Employment Solicitor Will Chrusciel looks at a recent report into the efficiency of the Employment Tribunal system and the implications more generally of the overloaded system for employers looking to defend claims.
In December 2020, the judge with oversight of both the Employment Tribunal systems in England & Wales and (separately) Scotland – The Right Honourable Sir Keith Lindblom – reported on the “systemic” and problematic backlog of claims in the Tribunal systems and detailed how they have been performing in response to the Covid-19 pandemic. In particular, he highlighted the “steady increase” in their caseload since the removal of Tribunal fees in 2017, and that there were three key problems affecting Tribunals as a result of the pandemic:
- The need for social distancing had resulted in a reduced footfall in buildings, resulting in a reduced ability to hold in-person hearings.
- The pandemic had caused the labour market to be “shaken-up” (causing an influx of claims).
- The Tribunal case management systems could not reliably be used remotely.
Further to that address, the Presidents of the Employment Tribunals of both England & Wales and Scotland have now outlined their shared vision for 2021-22, the principal take-away being that the use of video-calls in Tribunal proceedings is to be continued, and in some cases, the default position.
The road map for 2021-22
In their address at the beginning of April, the Presidents reflected on the more recent innovative measures that are being implemented to reduce the backlog, including:
- An ongoing roll-out of the new case management system which will “facilitate more efficient case management, better and more reliable generation of data and, crucially, remote access”.
- The recent appointment of 16 new Legal Officers who will focus on case progression.
- A “virtual region” to complement the ten existing geographical regions in England & Wales – meaning that judges, judicial staff and users can congregate virtually to hear cases generated by any region.
- An exercise which is targeted at judges working in other courts and tribunals, which aims to stimulate cross-deployment to Employment Tribunals.
Crucially, the Presidents made clear that “the future will involve more, not less, use of technology”, and identified that video hearings, whilst not simply a response to the pandemic itself, will remain an essential part of the toolkit whilst the significant backlog remains (which is specified as likely to be the case for at least two years).
As such, the default position will be that preliminary hearings of all kinds, applications for interim relief, judicial mediations and final hearings of short-track claims will default to telephone or video means. Final hearings of standard track claims and open track claims will vary (i.e. those that cover unfair dismissal, discrimination and whistleblowing). The Presidents do stress, however, that it will always be open to a judge to decide when the default position should not apply, and equally it will always be open for a user to explain why they would like the hearing to be held in a particular manner.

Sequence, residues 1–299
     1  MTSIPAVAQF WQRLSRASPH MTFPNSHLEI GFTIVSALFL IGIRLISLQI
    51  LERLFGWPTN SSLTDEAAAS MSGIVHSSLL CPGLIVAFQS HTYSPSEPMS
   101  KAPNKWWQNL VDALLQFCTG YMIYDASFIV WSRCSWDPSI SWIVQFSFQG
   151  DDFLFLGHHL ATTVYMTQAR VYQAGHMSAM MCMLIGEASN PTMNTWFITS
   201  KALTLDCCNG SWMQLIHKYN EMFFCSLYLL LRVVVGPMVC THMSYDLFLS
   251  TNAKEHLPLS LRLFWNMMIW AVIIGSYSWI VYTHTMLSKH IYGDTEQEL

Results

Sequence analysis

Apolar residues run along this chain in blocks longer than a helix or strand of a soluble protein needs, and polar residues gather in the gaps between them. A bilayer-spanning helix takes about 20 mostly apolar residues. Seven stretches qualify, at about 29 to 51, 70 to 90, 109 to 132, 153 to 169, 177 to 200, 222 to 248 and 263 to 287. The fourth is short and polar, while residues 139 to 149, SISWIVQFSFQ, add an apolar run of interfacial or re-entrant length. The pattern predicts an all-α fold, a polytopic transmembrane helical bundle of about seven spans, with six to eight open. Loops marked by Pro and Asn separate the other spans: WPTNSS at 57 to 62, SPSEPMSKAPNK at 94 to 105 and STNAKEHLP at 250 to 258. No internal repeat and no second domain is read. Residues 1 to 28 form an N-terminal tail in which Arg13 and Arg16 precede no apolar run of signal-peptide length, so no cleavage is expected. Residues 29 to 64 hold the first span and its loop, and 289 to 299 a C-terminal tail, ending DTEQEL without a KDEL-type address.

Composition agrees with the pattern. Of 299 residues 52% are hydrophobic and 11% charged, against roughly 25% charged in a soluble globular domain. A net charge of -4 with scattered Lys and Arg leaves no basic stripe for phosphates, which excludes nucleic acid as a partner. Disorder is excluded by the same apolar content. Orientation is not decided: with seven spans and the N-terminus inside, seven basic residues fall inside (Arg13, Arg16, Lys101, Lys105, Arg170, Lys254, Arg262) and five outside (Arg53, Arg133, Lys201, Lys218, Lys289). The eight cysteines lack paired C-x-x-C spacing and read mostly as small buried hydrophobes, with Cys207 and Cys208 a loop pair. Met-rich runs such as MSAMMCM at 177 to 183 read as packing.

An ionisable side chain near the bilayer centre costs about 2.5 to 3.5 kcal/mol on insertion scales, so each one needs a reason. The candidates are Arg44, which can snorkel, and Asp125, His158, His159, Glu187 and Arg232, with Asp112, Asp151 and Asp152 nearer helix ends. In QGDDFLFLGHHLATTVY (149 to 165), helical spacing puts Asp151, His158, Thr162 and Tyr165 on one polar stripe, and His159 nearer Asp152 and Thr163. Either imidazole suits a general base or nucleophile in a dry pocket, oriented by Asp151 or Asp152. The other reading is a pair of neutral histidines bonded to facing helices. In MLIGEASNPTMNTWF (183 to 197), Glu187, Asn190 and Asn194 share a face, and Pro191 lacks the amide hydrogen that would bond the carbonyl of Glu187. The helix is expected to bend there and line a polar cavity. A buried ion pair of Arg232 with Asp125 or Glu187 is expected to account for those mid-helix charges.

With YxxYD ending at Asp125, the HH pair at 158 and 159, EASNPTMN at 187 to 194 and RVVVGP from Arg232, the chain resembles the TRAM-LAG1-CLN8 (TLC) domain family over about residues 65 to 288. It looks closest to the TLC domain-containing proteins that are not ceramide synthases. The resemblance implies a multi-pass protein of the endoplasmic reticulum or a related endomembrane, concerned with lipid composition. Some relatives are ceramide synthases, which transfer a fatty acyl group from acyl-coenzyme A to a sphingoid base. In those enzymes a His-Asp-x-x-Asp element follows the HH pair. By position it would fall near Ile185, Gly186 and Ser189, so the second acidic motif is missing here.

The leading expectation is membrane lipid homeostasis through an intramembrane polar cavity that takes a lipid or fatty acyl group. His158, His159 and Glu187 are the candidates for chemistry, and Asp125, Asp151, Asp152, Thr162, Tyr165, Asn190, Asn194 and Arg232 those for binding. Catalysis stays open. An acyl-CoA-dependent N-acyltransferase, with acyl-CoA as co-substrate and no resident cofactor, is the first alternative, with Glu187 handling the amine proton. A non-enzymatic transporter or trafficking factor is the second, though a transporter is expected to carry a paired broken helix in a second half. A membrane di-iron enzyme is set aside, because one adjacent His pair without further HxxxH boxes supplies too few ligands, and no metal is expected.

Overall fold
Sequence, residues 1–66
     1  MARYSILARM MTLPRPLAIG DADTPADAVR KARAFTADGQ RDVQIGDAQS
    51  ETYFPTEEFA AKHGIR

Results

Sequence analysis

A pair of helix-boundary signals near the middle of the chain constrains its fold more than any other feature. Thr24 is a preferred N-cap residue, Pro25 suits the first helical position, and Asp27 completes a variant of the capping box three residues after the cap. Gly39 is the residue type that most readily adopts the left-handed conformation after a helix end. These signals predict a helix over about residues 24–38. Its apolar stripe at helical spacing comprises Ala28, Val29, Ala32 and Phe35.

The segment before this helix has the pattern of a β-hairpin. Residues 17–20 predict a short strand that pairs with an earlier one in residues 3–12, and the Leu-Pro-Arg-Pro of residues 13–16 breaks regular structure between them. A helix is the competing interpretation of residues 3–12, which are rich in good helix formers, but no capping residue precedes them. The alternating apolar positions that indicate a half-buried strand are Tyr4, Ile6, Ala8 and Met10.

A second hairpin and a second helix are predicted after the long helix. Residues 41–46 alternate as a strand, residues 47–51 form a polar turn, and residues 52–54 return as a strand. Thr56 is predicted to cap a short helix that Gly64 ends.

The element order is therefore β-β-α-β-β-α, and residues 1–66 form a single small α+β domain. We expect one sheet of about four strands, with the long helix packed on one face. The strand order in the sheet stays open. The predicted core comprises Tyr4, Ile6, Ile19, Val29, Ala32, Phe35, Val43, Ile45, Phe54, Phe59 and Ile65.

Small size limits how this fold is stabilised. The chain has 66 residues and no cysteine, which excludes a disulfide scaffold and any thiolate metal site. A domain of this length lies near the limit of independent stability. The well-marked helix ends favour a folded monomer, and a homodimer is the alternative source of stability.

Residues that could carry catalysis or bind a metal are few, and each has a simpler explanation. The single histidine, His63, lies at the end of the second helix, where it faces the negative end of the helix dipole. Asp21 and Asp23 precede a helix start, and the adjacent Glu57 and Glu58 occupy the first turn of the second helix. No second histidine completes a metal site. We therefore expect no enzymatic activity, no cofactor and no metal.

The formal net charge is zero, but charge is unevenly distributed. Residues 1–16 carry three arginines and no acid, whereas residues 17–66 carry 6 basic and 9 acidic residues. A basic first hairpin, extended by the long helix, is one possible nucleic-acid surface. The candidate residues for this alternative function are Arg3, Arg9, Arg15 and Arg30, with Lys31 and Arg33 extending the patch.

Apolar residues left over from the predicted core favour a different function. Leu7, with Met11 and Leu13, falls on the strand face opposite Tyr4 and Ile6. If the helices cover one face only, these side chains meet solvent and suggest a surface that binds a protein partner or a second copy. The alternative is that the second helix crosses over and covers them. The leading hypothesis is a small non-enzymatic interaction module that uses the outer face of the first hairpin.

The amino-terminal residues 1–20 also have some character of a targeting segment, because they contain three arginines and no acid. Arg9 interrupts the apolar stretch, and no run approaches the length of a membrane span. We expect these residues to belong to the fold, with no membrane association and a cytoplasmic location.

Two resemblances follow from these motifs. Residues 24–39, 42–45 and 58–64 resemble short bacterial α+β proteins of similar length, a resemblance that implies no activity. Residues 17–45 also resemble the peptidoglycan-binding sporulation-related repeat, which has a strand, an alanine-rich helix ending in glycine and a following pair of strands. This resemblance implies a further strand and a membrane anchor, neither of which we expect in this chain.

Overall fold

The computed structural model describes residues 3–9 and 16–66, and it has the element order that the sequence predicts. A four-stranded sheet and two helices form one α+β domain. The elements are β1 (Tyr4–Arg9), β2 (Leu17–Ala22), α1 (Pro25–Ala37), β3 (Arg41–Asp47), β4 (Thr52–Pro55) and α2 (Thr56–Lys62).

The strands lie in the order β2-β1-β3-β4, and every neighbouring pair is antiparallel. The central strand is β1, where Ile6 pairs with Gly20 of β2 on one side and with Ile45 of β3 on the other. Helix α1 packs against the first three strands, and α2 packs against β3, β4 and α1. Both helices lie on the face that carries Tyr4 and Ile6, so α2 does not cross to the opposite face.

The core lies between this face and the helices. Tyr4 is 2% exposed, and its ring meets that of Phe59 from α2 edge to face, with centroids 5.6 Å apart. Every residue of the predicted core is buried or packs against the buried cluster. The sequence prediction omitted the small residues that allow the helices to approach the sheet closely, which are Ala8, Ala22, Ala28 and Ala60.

Important to note is that the Presidents state that the default approaches above will apply to cases yet to be listed.
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Practical guidance for employers
Despite wide-ranging measures taken to tackle the unique problems created by Covid-19, and the “impressive resilience and flexibility” shown by all those working within, the recent address continues to paint a picture of an increasingly overloaded Tribunal system.
Employers should expect a general increase in claims as a result of the disrupted employment market, and it is anticipated that there will also be a surge in redundancy-related claims once the furlough scheme ends at the end of September 2021. Employers should also expect an increase in claims that relate to “novel” issues that have arisen as the pandemic has progressed – for instance, issues relating to health and safety in returning to work, or “no jab, no job” policies.
When claims are brought, employers should expect significant delays to the Tribunal process. Employers could, however, make use of the extension to the standard ACAS Early Conciliation period (from 4 weeks to 6 weeks) and use the inevitability of delay to their tactical advantage – i.e. does a claimant really want to wait several months, even years, to obtain the compensation/redress they are seeking?
Employers should also expect a rise in flexible-working requests, both non-statutory and statutory, as restrictions continue to ease and those who have enjoyed their working-from-home experience seek to negotiate a more permanent arrangement. It is vital that HR policies are updated and standardised in advance, and managers should be primed to deal with such requests. For more guidance, employers are referred to our previous recent article on flexible working requests.
On a more positive note for employers, the default position being that hearings will take place by remote means will mean that senior management and other involved personnel will spend less time and expense physically travelling to Employment Tribunals to hear cases, minimising the loss of management time. It is also expected that this will mean a corresponding saving on legal fees.
Expert legal advice
For further advice on this or any other Employment Law issue, please contact a member of our Employment Law team.
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